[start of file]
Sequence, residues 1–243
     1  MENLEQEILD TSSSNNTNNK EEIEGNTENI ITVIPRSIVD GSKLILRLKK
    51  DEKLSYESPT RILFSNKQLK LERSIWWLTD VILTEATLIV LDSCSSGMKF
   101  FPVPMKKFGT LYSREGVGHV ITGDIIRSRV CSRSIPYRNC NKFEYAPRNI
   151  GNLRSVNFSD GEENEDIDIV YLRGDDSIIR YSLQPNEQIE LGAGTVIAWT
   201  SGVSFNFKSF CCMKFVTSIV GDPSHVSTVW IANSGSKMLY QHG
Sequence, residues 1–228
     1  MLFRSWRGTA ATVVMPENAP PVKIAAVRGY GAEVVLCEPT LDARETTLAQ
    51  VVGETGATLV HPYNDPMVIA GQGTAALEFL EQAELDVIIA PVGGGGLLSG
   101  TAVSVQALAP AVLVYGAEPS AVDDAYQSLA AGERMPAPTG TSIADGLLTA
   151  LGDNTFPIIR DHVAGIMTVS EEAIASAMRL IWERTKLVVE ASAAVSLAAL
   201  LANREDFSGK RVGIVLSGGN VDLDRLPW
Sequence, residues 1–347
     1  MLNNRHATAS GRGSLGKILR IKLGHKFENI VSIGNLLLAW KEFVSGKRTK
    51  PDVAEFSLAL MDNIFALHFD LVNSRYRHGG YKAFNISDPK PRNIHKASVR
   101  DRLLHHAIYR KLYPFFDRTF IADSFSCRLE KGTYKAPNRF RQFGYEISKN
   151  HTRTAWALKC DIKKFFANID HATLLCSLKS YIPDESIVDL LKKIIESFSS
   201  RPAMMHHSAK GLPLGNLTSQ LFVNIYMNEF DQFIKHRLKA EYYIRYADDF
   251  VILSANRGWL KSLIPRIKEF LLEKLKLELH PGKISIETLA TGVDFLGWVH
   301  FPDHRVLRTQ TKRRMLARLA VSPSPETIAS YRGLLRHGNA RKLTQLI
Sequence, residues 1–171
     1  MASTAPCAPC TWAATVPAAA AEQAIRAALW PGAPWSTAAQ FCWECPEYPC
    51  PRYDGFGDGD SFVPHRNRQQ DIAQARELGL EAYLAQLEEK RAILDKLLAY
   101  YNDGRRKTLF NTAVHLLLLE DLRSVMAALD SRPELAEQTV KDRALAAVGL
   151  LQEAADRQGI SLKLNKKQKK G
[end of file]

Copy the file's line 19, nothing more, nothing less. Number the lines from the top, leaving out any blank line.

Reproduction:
   251  VILSANRGWL KSLIPRIKEF LLEKLKLELH PGKISIETLA TGVDFLGWVH